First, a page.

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Client Images

© Karen Mason - September 2019

This is no ordinary hide! I booked my visit to the pond hide through Jamie Hassell, who runs an online photography group called F-stop Photography Rutland. He helped set up the session and even lent me a camera as I didn’t realise there were two aspects to the hide and only took the one camera. I was amazed at the hide; comfortable seating, tea and coffee, even a stove for those nights that are a little on the chilly side! Once everything had been set up and the three of us were left in the hide, it wasn’t long before the wildlife started to arrive. First the owl, then the otters. Oh, the otters! What a privilege to be able to watch and photograph them feasting on fish from the pond. The owl and the otters alternated for several hours until there was a bit of a lull around 2am. Then at around 4am the heron appeared, closely followed by another, resulting in this picture. What an experience! Just before we left in the morning the Kingfisher appeared. Perfect end to the night. To top it all, this picture was picked as the winner in a photocrowd contest by the expert judge! Would I go back again?.....I have already booked my next session!

© Alan Robertson - 1st July 2019 - Common Kingfisher - The Pond Hide

Camera: Sony A7Rii - Lens Sony FE 100-400mm GM OSS

This was my second session in 2019 at Wildlife Photography Hides and both have proved to have been very successful, with some of the best birding images that I have in my collection. I’m pleased I’m on Tom’s mailing list as new developments seem to be coming thick and fast. Well done Tom.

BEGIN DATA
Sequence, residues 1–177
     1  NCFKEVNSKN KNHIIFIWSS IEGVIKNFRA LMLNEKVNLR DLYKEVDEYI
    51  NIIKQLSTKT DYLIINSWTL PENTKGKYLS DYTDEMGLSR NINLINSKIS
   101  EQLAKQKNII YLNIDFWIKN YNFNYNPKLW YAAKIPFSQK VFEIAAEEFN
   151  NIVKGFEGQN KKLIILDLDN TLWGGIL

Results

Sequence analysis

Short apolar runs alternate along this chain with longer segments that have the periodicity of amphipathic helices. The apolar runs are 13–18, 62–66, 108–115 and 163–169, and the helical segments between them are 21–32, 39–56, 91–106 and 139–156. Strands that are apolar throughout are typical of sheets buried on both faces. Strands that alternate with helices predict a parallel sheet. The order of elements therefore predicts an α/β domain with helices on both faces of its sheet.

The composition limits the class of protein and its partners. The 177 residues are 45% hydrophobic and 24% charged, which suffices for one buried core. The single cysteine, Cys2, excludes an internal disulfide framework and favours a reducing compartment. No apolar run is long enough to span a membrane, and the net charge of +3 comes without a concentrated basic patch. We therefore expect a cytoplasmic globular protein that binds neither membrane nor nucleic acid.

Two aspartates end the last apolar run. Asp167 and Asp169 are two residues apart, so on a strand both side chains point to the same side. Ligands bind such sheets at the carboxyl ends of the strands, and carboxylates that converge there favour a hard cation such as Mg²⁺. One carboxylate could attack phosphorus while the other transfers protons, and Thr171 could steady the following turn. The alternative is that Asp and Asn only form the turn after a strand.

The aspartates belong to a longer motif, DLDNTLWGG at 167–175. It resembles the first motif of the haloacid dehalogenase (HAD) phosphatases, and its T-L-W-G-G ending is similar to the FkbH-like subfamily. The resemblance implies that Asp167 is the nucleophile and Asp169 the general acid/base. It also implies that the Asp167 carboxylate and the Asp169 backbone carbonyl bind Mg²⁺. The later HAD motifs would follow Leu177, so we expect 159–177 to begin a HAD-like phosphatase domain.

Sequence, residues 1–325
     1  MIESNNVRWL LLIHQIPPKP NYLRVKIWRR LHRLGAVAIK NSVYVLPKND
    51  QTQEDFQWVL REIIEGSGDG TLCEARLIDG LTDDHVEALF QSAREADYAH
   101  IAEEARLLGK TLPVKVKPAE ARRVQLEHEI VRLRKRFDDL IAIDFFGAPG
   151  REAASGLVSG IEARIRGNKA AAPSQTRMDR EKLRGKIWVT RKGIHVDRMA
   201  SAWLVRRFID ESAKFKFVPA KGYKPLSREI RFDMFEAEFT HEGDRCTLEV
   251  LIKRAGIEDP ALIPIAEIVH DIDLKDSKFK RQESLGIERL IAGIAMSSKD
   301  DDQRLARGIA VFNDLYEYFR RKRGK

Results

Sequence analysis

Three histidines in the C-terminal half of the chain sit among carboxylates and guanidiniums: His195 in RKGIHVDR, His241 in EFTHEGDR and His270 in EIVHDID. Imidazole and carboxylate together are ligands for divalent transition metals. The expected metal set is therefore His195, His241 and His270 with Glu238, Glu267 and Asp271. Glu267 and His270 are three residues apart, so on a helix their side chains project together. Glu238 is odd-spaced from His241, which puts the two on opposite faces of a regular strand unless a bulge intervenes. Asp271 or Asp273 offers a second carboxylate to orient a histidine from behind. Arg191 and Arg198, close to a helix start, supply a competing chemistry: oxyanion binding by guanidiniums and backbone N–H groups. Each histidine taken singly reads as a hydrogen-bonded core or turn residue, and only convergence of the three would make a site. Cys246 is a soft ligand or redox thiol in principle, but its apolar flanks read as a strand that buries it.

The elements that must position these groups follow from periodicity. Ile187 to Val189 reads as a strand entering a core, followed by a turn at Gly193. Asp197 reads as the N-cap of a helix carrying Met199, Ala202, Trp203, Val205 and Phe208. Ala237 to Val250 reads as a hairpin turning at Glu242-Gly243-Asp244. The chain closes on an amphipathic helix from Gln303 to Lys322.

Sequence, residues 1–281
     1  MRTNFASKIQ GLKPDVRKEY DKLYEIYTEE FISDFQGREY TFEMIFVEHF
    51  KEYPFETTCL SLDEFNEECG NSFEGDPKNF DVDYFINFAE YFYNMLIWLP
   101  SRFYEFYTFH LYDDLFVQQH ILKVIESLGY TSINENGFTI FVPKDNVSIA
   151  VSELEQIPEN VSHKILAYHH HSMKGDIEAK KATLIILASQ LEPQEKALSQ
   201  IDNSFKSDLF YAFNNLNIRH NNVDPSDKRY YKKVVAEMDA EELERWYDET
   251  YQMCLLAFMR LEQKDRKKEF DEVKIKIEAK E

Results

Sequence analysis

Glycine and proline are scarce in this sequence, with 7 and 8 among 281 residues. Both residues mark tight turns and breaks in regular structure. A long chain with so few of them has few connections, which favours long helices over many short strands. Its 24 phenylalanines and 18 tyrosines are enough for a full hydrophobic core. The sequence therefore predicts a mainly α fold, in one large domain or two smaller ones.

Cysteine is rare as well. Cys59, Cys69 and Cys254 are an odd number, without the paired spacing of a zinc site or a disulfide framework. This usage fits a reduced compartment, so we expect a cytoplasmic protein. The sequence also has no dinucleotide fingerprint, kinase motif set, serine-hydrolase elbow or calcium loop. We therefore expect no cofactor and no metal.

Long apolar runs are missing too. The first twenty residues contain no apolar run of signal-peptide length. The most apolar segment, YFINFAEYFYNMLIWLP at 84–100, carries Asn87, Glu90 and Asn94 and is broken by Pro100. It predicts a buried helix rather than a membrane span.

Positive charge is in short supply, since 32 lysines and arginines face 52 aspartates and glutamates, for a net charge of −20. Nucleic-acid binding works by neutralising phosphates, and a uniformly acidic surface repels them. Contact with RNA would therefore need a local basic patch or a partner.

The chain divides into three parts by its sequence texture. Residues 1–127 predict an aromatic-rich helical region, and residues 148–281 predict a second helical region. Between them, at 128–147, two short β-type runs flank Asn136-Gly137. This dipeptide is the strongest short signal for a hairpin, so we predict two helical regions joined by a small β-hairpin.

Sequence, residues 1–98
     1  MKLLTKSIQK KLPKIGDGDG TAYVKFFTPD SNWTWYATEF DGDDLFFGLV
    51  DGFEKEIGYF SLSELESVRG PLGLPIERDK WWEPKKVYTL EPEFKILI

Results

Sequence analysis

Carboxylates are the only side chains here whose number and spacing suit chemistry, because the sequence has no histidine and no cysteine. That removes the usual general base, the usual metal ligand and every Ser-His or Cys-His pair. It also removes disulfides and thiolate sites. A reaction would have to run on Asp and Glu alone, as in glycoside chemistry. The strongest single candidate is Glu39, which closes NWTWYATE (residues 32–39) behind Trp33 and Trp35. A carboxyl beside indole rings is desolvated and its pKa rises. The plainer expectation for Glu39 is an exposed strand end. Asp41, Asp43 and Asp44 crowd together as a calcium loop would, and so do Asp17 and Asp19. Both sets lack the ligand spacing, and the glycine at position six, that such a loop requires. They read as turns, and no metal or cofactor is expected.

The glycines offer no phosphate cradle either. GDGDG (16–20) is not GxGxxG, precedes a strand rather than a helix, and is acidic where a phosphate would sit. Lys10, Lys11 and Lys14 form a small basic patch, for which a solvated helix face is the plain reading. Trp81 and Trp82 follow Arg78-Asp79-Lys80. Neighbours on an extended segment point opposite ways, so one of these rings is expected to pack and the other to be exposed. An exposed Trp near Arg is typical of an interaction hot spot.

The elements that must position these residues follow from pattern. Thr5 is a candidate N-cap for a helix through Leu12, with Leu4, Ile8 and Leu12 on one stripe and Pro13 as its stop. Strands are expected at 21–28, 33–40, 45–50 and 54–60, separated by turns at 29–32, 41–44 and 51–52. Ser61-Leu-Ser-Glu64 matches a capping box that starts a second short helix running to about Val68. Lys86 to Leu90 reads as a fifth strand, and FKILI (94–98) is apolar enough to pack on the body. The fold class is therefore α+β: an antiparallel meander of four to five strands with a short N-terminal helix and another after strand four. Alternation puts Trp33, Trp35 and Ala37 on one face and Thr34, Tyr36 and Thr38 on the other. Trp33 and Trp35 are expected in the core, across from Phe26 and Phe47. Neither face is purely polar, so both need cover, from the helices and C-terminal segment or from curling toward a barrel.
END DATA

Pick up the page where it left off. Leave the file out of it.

© Kestrels - 5/2019

I had a great day at your Wired Hide on Wednesday taking loads of images of the resident Kestrels. Both the male and female were active and they even appeared together for short while.Lots of great images and looking forward to returning soon. Highly recommended.

© Rob Brookes - Otter - 21/1/2019

Taken at the pond hide on the night of 21/1/2019 using a Canon 1Dx / EF 400mm/2.8 iso 1250, f4.0 / 250th flash sync

Very many thanks for the opportunity to use your fantastic hide Tom. Well worth the trip down from the Lakes for us and something we'd definitely like to do again. This otter was shaking off the excess water after diving for fish and first arrived around 2 in the morning. We had plenty of time to get our shots but were grateful for the professional flash setup as I hope this shot demonstrates

Red Fox - 22/1/2019 at Pond Hide

© Sue Brookes, Taken 22/1/2019 using Canon 7D Mk2 with Canon 100-400mm L IS 11 lens at 400mm, 1/250 sec at f5.0 ISO 1000

Thank you for an amazing overnight session in your very comfortable Pond Hide. We were given great opportunities to photograph this red fox, a tawny owl and an otter during a long but productive night. The professional flash set up worked really well and we are looking forward to a return visit.

Green Woodpecker - 07/01/2018 - Dyke Hide

© Alan Robertson - Canon 70D with a Tamron 150-600mm lens

Thank you for a cracking day in the Dyke Hide last Thursday. It was worth the money just to get such wondrous views of the male green woodpecker who must have visited his nearby feeding spot on six or seven occasions during the day. To get excellent views of a buzzard, g.s. woodpecker, jay and a whole host of other woodland birds was a terrific bonus too.